The Spanish-language television networks in Southern California are concentrated on attracting and expanding their Anglophone audience. With this challenge in mind, they rely on English subtitles for the most successful Latin American soap operas.
For many second- and third-generation Latino immigrants, English is not their secondary language, but their mother tongue. They understand Spanish, thanks to their parents or grandparents, but may not speak it. Others can no longer maintain a conversation with their grandparents in Spanish (or whatever the original language is, in the big picture).
Despite the disconnect with the language of Cervantes, some immigrants maintain their cultural roots intact and are interested in the most successful telenovelas of Latin American countries that are being shown more frequently in the United States.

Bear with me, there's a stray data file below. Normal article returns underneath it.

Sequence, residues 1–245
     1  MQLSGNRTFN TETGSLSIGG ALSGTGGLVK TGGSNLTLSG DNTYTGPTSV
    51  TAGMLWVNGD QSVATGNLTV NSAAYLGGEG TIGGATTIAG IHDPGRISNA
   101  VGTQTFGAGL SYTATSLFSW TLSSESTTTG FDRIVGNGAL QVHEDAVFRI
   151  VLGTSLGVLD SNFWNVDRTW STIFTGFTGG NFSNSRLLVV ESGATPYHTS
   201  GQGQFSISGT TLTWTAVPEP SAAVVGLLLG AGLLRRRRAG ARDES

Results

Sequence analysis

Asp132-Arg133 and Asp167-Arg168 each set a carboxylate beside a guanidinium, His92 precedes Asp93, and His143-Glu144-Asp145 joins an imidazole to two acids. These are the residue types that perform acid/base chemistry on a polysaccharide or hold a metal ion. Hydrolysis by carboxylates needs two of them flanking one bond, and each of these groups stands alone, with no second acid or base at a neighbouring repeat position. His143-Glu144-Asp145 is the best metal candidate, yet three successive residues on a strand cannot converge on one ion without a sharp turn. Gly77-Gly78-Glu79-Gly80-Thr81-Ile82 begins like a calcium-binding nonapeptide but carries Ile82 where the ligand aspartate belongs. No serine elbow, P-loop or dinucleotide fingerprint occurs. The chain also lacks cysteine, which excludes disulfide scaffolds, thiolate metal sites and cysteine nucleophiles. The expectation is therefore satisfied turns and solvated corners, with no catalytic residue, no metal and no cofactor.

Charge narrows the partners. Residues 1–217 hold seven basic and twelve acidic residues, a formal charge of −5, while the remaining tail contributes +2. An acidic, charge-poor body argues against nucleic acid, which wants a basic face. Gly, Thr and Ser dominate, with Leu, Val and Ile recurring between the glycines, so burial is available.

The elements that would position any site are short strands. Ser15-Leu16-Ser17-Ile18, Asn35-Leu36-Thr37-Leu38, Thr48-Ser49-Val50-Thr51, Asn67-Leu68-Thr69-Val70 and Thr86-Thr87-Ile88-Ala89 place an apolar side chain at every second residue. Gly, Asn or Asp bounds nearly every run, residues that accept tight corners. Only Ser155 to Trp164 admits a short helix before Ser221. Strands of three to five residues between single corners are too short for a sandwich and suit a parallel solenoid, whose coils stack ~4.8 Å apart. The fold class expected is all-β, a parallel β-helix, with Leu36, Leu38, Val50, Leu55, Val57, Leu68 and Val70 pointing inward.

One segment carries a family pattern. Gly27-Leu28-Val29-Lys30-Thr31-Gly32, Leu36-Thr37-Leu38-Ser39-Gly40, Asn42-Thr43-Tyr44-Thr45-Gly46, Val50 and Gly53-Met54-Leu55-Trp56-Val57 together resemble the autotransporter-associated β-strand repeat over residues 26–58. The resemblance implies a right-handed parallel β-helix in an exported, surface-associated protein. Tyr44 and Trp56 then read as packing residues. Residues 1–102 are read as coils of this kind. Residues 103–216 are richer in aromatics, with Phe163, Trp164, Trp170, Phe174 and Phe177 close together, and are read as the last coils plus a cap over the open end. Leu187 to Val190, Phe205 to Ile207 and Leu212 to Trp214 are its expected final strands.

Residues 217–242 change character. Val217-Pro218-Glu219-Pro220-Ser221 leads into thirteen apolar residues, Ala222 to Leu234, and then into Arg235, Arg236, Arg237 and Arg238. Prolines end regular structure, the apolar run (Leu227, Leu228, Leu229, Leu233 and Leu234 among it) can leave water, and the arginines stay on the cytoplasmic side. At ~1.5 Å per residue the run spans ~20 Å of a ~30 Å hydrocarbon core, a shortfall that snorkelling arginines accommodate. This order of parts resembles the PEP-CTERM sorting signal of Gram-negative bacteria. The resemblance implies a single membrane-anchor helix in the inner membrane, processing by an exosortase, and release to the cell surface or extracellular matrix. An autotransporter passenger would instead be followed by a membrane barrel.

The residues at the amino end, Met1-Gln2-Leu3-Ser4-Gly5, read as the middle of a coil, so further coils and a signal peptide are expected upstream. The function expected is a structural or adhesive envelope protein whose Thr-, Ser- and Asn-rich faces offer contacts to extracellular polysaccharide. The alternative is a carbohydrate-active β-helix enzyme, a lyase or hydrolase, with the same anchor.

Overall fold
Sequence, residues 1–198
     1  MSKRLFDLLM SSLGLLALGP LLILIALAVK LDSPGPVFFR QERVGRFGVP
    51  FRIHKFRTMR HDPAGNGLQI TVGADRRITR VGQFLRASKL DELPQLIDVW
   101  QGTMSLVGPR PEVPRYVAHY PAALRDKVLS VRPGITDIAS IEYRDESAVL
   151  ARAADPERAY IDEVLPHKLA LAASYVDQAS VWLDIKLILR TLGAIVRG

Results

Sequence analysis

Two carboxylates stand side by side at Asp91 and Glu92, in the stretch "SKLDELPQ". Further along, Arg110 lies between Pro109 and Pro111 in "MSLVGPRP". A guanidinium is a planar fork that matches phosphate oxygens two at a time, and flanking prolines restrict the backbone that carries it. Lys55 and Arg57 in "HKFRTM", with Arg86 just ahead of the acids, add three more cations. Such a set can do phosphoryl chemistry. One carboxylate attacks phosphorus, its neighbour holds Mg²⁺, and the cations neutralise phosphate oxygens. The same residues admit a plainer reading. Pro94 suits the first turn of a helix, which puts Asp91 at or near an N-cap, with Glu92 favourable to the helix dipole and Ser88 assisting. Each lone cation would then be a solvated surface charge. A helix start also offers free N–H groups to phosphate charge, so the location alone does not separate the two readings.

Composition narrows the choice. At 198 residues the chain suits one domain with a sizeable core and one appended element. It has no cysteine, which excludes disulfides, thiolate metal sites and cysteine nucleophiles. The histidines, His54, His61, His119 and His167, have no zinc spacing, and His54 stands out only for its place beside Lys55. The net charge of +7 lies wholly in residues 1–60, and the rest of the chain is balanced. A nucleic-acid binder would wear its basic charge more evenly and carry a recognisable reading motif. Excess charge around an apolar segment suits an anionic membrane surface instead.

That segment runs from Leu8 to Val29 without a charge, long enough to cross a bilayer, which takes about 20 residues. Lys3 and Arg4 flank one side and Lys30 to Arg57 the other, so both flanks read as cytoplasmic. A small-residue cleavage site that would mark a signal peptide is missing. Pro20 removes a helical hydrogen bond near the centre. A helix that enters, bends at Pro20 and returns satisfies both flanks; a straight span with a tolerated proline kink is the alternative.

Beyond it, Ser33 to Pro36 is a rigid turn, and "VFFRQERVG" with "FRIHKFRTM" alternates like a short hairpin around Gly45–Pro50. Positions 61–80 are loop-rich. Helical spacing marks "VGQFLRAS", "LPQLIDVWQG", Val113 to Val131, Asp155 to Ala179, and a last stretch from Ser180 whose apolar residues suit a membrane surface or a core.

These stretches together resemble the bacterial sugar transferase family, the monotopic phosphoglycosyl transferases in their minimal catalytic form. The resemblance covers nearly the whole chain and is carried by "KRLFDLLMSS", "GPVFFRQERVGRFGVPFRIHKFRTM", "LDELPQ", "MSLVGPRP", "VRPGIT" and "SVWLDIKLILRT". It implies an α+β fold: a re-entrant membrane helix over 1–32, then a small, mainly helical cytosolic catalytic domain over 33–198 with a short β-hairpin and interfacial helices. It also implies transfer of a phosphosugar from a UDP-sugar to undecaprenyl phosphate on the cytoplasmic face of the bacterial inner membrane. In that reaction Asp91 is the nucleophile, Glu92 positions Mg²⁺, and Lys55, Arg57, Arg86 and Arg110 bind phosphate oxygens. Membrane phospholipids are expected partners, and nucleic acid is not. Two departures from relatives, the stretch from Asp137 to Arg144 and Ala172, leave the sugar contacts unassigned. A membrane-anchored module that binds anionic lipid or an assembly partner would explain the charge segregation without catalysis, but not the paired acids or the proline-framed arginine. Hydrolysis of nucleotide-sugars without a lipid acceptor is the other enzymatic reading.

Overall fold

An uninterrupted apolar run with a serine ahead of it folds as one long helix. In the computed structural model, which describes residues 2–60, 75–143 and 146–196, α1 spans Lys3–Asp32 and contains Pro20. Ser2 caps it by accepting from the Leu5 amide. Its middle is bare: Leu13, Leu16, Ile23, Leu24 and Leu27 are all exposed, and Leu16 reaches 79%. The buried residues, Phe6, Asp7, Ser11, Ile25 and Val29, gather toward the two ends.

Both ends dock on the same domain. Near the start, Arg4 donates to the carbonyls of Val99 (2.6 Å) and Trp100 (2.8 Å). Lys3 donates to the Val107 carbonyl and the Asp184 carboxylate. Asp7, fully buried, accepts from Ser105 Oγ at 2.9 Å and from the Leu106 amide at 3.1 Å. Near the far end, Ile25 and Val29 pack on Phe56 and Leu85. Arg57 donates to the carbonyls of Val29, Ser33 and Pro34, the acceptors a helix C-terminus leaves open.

According to a study by the Pew Hispanic Center, second- and third-generation Latinos account for 60% of the Latino population in the United States.
All of this results in a high interest of subtitling in English the most successful Latin telenovelas. The use of English subtitles on soap operas like ‘Más sabe el diablo’ and ‘Sin tetas no hay paradiso’ has increased the audience by including those who do not speak Spanish, but enjoy Hispanic telenovelas.
The other part of the argument, who does not think that this is something beneficial to the generations of Latinos, argues that this idea of attracting new viewers leads to a loss of skills of Spanish immigrants, and supports the argument with the explanation that the subtitles only stimulate passive learning.
Once again, the reality is taking place, regardless of the debate.